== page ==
“The Queen of Carthage”. That is the title of a new French book on the powerful Tunisian First Lady Leila Ben Ali and her Trabelsi clan. Banned in Tunisian, the First Lady unsuccessfully sued to ban it in France.
Ben Ali’s second wife, she was his mistress and then manipulated him into marrying after claiming that she was pregnant with the son he had always wanted. She gave birth to a daughter, but they were married then and he had since become president and a divorce was no longer reasonable in public eyes (a few years ago, over the age of 50 and when he was 70, Leila finally produced that sought-after son: Mohamed).
Not long after settling in as First Lady, Leila and her family began a very successful monopolization scheme on the Tunisian economy. First, the 1990s under Ben Ali’s reign brought about widespread privatization of state enterprises. The Trabelsi clan was well-positioned to inherit, not buy or bid for, but solely inherit profitable industries without exhausting a dime of their own money. For instance, the family took over the licensing industry of foreign cars.
That was not enough for this infamously inexhaustibly greedy clan. Securing “loans” (again: “loans”) from private banks, they started a hotel chain, a travel agency and the nation’s first private airline (all part of the to-be-boycotted (if your decent) Karthago Group). The family also owns the only private radio station in Tunisian (Mosique FM).
The head of the Trabelsi is the eldest, high-school dropout son Belhassan. A crude man whose mafia reach is throughout the nation. And there is Leila’s son-in-law Mohamed Skhr Matri. New to the game, his business empire is rapidly growing and there is rumor that he may succeed the ailing Ben Ali (73, and recently elected to a fifth term).
But Mohamed will have to battle Leila. It is universally believed in Tunis that the equally uneducated Leila aspires to replace her husband:
Mrs al Trabelsi, who is chairwoman of the Arab Women’s Organisation, is planning to play a major part in the forthcoming elections, slated for October 25, in order to secure her husband’s spot for herself. She plays a double-edged role: she leads her tribe and has political ambitions, but seemingly remains the loyal wife committed to her husband’s agenda.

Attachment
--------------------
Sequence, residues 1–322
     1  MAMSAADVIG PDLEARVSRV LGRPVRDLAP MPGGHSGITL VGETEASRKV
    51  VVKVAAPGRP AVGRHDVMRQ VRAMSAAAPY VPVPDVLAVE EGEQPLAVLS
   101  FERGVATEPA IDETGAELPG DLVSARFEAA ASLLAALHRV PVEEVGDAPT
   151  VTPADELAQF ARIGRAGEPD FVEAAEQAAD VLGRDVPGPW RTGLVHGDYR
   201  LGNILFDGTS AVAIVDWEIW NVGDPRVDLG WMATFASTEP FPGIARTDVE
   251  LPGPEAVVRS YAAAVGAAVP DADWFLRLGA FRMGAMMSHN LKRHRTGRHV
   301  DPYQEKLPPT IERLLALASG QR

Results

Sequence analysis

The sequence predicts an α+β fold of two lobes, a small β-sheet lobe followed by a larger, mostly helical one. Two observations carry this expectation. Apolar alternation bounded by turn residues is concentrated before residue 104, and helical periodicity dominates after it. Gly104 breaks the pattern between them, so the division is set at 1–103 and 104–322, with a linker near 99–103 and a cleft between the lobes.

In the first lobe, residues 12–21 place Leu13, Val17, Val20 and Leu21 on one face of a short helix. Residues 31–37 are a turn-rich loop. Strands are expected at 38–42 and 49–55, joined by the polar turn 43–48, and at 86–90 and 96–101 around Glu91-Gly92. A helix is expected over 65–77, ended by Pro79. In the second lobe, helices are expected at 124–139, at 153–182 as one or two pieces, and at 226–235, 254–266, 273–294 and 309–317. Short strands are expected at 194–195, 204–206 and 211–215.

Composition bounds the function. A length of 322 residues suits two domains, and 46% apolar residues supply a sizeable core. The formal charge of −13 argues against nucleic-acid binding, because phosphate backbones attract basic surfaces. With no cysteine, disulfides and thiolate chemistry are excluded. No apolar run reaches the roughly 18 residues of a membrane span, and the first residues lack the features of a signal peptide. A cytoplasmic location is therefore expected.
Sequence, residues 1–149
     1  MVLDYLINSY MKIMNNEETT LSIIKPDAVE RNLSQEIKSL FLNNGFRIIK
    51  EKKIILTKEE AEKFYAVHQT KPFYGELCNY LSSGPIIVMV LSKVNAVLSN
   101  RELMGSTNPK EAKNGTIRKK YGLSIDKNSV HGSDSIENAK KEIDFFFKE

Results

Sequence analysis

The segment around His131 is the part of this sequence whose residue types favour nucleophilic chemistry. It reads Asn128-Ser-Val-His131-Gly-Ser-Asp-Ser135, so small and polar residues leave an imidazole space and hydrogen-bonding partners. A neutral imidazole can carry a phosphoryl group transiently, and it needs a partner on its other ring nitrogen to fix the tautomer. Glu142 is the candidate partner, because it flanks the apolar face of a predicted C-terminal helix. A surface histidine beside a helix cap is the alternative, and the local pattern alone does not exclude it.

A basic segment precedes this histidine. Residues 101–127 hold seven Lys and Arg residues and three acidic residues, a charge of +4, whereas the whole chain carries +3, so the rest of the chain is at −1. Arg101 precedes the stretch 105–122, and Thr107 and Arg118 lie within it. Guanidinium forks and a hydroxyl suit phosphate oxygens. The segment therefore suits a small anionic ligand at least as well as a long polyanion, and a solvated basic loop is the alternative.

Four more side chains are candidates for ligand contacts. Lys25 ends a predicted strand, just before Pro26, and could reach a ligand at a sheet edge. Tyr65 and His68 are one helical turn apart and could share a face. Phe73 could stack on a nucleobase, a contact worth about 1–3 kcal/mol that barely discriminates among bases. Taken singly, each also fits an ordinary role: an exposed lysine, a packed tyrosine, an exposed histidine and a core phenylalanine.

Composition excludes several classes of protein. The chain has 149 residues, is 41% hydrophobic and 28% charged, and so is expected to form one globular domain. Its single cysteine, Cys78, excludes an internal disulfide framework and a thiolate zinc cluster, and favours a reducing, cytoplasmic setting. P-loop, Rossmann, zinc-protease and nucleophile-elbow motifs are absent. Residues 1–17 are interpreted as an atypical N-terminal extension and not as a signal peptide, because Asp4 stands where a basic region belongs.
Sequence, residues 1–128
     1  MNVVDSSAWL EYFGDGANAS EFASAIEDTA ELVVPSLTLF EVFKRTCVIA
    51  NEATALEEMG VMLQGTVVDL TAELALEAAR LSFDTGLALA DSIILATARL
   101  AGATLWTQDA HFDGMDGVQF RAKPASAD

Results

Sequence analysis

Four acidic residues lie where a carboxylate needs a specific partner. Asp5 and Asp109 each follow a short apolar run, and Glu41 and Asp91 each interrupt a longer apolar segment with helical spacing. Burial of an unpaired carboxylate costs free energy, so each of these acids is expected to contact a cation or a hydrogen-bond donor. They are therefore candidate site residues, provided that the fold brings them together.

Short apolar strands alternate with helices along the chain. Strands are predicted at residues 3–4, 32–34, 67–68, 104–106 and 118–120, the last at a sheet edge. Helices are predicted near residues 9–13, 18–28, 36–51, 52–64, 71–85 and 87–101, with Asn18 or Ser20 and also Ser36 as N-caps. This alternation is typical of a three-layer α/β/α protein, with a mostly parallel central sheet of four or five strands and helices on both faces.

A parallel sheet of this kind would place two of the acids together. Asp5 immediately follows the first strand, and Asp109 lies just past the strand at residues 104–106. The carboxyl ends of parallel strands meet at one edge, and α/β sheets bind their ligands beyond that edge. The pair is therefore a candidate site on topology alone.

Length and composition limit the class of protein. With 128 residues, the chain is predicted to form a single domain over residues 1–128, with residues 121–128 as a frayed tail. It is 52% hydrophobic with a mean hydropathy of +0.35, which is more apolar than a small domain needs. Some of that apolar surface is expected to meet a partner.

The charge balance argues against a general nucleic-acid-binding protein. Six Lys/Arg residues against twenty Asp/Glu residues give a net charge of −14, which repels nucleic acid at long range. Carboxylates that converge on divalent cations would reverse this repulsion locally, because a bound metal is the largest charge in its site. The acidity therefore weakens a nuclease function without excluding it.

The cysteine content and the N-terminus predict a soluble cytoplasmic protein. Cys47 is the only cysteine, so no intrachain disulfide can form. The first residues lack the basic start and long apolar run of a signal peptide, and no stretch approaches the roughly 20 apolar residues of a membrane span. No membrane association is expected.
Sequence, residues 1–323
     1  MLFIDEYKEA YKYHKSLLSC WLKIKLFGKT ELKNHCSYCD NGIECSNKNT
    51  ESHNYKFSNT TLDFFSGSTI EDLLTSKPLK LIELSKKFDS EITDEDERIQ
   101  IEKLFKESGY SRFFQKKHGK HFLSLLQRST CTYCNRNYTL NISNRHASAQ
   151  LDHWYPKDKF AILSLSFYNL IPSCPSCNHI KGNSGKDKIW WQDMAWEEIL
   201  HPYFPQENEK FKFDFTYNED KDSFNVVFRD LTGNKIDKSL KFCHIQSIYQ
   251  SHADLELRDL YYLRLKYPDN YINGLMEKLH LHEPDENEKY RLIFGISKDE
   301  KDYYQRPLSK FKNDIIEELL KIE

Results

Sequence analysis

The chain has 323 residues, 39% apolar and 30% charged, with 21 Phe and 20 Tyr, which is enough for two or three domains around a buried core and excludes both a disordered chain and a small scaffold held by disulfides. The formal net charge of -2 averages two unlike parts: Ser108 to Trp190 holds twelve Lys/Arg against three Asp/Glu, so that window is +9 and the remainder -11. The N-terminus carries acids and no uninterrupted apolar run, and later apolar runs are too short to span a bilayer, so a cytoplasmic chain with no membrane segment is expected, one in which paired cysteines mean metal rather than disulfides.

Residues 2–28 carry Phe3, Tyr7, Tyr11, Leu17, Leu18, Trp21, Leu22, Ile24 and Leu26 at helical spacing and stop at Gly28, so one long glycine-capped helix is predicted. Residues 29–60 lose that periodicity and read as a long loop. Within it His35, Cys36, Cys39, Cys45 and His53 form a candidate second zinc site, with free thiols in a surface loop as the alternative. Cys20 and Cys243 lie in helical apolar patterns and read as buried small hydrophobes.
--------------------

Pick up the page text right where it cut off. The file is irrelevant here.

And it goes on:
Ben Ali is a brute thug, but Tunisia is not without accomplishments under his reign:
Its economy has grown steadily. It is open to Western business, liberal on trade and has attracted a lot of foreign investors. Exports, especially of textiles and motor components, three-quarters of them to Europe, now account for 47% of GDP. Tourism is booming, too.
So the country gets good sovereign-risk ratings from agencies such as Standard & Poor’s. The Swiss-based World Economic Forum ranks Tunisia as Africa’s most competitive country. Ordinary Tunisians’ lives have improved, with income per head doubling in real terms since 1990. Women enjoy better rights than do many of their north African counterparts.
Ben Ali has genuine concern for the advancement of Tunis. But Leila has not a shred of humanitarian regard for fellow Tunisians. Her family is busy monopolizing the economy and with her as president Tunisia would be ruined since even today foreign investment is undermined due to the fear of foreigners of “step[ing] on the toes of the ruling family.”
President Leila would turn the whole nation into a renter state for the God-forsaken Trabelsi.
Pity Tunisians if that day ever rises.